Prosthesis Manipulation

 

A General Model for Estimating Lower Extremity Inertial Properties of Individuals with Transtibial Amputation
Abbie E. Ferris, Jeremy D. Smith, Gary D. Heise, Richard N. Hinrichs, Philip E. Martin

Lower extremity joint moment magnitudes during swing are dependent on the inertial properties of the prosthesis and residual limb of individuals with transtibial amputation (TTA). Often, intact limb inertial properties (INTACT) are used for prosthetic limb values in an inverse dynamics model even though these values overestimate the amputated limb’s inertial properties. The purpose of this study was to use subject-specific (SPECIFIC) measures of prosthesis inertial properties to generate a general model (GENERAL) for estimating TTA prosthesis inertial properties. Subject-specific mass, center of mass, and moment of inertia were determined for the shank and foot segments of the prosthesis (n = 11) using an oscillation technique and reaction board. The GENERAL model was derived from the means of the SPECIFIC model. Mass and segment lengths are required GENERAL model inputs. Comparisons of segment inertial properties and joint moments during walking were made using three inertial models (unique sample; n = 9): (1) SPECIFIC, (2) GENERAL, and (3) INTACT. Prosthetic shank inertial properties were significantly smaller with the SPECIFIC and GENERAL model than the INTACT model, but the SPECIFIC and GENERAL model did not statistically differ. Peak knee and hip joint moments during swing were significantly smaller for the SPECIFIC and GENERAL model compared with the INTACT model and were not significantly different between SPECIFIC and GENERAL models. When subject-specific measures are unavailable, using the GENERAL model produces a better estimate of prosthetic side inertial properties resulting in more accurate joint moment measurements for individuals with TTA than the INTACT model.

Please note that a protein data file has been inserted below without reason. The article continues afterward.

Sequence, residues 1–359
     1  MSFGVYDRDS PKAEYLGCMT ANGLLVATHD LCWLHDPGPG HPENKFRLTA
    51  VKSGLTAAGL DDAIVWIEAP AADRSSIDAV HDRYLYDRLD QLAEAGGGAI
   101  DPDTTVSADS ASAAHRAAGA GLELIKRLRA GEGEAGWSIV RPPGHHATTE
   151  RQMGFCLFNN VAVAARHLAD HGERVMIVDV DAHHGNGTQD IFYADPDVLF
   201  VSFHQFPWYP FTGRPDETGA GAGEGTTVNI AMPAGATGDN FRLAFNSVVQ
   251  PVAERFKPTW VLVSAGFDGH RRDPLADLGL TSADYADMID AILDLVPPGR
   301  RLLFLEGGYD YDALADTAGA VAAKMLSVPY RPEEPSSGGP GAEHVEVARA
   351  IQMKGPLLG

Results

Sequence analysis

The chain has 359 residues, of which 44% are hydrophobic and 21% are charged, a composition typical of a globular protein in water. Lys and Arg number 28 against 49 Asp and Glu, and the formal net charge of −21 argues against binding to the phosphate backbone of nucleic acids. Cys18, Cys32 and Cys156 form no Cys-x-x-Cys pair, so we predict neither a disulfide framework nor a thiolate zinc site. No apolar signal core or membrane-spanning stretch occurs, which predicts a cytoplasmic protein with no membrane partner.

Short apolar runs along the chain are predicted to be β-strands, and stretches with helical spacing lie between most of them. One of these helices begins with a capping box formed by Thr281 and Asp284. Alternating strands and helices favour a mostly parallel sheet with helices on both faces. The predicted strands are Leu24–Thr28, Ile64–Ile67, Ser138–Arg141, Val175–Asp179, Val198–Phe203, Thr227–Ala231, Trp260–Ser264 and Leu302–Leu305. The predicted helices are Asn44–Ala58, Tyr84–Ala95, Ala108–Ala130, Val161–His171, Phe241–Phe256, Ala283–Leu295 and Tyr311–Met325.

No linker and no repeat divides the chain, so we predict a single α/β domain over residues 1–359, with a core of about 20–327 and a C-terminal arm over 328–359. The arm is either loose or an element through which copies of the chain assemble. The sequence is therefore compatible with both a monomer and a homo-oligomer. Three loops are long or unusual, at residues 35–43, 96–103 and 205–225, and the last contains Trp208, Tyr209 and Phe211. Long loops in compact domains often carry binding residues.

Joint kinetics

 

Direct Measures of Prosthesis inertia influence joint kinetics during swing.
Smith, J.D., Ferris,A.E., Heise, G.D. , Hinricks,R.N., Martin, P.E. Presented at ASB 2013


Using intact segment inertial properties to model the prosthetic side during swing
would suggest a higher muscular demand to control the limb that was actually more comparable to the
control utilized in the intact limb. Thus, one might be lead to interpret that prosthetic side joint function
during swing as similar to that of an intact leg. As such, when focusing on swing phase
mechanics, researchers should use direct measures of prosthesis inertia in inverse dynamics models,
but during stance the inertia parameters seem to have little impact on study outcomes.